The UK Government continues to drag its heels on safer traveler testing measures to replace unenforced 14 day quarantines, and as a result, circumstances in UK aviation are even more dire than the broader industry, which is already grasping at straws.
And now, things might get worse, as brutal labor disputes between Heathrow workers and the private company which operates the airport turn public.
As of November 16th, the union representing Heathrow workers from firefighters to terminal staff plan to stage at least three separate walkouts, which could potentially result in 4 days of complete airport shutdowns across a variety of the busiest travel days of the year.
The argument is simple: Heathrow staff via union Unite say that Heathrow Holdings Limited, the company which runs the airport, is using the crisis to reduce wages and quality of life for workers far beyond needed measures, despite holding enough cash reserves for the airport to survive another 15 months, without a plane landing or taking off.
If ground is not made, Heathrow’s Unite Union plan four days of walkouts, the first coming on December 1st, just before lockdown ends across England, the second on December 14th, and if all else fails, a brutal 48 hour walkout on December 17th and 18th, just as holiday arrivals and departures reach a fever pitch.
The discussions parallel legal battles earlier in the year between British Airways and its unions, as workers claimed the airline was putting profits above its people, choosing to reduce pay for essential staff well beyond covid-19 related needs.
As noted by airline blog Paddle Your Own Kanoo, Heathrow firefighters alone could bring the airport to a full ground stop, with no planes allowed to operate if appropriate safety staff are not on hand.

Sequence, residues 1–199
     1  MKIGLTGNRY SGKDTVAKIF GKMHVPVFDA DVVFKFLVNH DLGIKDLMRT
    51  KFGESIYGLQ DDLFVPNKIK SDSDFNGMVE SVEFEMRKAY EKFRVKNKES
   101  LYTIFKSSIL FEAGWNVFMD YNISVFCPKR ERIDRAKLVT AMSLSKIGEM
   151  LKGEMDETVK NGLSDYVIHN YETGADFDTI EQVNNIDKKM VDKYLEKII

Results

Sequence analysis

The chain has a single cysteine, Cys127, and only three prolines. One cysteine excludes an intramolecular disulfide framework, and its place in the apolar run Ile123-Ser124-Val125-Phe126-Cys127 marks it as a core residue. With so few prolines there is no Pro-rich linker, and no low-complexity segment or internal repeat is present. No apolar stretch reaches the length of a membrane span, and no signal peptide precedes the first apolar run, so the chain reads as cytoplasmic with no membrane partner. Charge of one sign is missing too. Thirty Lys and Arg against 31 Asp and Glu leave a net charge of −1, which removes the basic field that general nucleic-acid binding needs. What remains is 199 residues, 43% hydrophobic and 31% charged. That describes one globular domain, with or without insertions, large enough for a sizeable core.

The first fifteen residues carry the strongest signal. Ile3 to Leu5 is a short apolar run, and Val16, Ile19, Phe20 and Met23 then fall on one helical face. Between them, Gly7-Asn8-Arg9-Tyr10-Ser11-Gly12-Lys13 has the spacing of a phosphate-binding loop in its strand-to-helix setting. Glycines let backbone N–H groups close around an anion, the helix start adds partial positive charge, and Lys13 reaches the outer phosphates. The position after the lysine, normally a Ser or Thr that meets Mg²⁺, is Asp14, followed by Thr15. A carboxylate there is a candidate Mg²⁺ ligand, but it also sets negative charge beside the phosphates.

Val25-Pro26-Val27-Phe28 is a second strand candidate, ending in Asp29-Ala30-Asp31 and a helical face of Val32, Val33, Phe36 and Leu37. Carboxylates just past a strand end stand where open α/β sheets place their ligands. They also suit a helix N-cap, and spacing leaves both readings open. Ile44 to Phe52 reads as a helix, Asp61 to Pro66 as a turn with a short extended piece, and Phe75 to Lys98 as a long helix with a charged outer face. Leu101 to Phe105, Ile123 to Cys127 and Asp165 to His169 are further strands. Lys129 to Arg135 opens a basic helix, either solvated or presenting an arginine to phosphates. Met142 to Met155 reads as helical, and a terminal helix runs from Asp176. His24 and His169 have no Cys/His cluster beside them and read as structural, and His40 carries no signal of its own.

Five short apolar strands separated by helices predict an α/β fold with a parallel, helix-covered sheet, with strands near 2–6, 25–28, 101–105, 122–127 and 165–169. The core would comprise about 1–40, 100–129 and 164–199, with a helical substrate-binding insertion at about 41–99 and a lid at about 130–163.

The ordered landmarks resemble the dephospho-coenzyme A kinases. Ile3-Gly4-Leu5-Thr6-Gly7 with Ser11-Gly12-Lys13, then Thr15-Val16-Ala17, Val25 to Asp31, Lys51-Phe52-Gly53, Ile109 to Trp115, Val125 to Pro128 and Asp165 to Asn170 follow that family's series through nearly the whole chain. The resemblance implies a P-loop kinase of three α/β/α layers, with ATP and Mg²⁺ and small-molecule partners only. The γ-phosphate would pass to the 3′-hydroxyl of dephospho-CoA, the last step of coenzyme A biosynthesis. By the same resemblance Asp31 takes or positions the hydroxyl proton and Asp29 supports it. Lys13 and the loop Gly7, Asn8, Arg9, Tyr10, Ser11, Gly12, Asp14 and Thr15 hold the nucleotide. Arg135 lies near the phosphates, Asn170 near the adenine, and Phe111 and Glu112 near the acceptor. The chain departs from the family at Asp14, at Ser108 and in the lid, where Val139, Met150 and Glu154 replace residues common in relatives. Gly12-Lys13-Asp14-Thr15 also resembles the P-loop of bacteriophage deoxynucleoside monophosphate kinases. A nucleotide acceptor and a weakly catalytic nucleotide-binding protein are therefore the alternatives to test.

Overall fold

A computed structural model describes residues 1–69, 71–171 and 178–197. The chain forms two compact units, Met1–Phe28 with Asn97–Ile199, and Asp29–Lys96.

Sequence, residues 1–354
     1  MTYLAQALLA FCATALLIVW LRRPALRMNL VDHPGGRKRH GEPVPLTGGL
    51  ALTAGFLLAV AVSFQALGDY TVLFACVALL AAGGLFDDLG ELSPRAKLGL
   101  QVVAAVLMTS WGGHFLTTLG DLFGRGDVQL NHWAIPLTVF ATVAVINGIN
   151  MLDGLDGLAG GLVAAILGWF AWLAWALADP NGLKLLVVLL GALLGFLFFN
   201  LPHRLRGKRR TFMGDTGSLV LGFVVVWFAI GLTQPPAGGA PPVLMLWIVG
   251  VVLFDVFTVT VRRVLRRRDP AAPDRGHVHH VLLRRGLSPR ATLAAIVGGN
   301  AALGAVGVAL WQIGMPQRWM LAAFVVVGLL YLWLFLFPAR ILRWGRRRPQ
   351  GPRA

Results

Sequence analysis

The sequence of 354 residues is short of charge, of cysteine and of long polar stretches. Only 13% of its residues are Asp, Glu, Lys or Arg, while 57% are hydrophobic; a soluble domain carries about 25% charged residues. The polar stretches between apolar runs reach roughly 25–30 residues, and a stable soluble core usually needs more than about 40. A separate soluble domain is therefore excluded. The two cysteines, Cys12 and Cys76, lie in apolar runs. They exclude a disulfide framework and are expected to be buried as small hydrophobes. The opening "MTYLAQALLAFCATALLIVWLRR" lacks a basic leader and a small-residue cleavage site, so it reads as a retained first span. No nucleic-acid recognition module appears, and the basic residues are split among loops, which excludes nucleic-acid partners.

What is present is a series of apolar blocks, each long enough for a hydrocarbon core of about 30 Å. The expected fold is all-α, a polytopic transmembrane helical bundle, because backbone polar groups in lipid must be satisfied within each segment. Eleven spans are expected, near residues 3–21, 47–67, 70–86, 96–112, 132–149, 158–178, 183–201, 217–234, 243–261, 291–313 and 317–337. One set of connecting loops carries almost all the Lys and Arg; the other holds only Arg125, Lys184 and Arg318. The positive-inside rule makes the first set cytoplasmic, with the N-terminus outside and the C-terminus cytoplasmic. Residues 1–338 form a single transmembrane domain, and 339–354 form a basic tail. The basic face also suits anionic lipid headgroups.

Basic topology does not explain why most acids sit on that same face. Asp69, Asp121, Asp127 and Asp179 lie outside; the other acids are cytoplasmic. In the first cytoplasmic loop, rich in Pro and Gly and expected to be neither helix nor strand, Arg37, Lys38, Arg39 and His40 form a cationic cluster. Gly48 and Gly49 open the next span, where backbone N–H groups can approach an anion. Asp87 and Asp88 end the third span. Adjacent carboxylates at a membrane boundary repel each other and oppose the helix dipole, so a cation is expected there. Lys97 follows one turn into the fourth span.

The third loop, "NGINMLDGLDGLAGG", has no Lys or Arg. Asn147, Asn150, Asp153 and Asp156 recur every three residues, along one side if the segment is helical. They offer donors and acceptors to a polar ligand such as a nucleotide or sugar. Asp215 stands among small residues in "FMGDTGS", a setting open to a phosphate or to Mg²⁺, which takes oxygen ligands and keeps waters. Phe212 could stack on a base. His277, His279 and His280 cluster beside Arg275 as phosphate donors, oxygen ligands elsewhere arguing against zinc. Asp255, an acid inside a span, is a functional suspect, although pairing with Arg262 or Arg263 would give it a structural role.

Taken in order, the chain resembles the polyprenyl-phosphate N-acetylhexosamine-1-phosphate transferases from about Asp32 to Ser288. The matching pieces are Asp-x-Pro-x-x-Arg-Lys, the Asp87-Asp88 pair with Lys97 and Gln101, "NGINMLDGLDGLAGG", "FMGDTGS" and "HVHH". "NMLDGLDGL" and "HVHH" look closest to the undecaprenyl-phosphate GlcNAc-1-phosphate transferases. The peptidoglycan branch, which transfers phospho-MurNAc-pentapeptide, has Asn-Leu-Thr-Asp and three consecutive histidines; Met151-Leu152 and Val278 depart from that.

Heathrow Airport Holdings, which is mostly owned by the Qatari Investment Authority, and Ferrovial S.A. of Spain, bitterly contest the condemning allegations from workers unions, and matched fire with fire, in statements responding to the threat.
“It’s very disappointing that Unite has decided to take strike action during the worst crisis to hit the aviation sector. We will now activate extensive contingency plans which will keep the airport open and operating safely throughout this period.”Heathrow Airport
So will they actually strike? It’s anyone’s guess. They have before, and they’ve reached agreements beforehand, too. Heathrow employs roughly 76,000 people in the UK via jobs in and around the airport. It’s not entirely clear if contingency staff numbers could put up the personnel required to keep operations running.
The scrappy circumstances facing the airline industry, and broader travel industry at large, are highlighting key issues between privately run firms and those which receive state support, or act at the behest of the state.
Airlines all across Europe, USA, Asia and beyond have received multi billion Euro bailout packages from government, while the UK has passed on opportunities to “bail out” the aviation and travel sectors at all. Private companies have every legal right to put their profits and balance sheets before the needs of their people, but doing so creates foreseeable labor issues which may last long after the pandemic is over.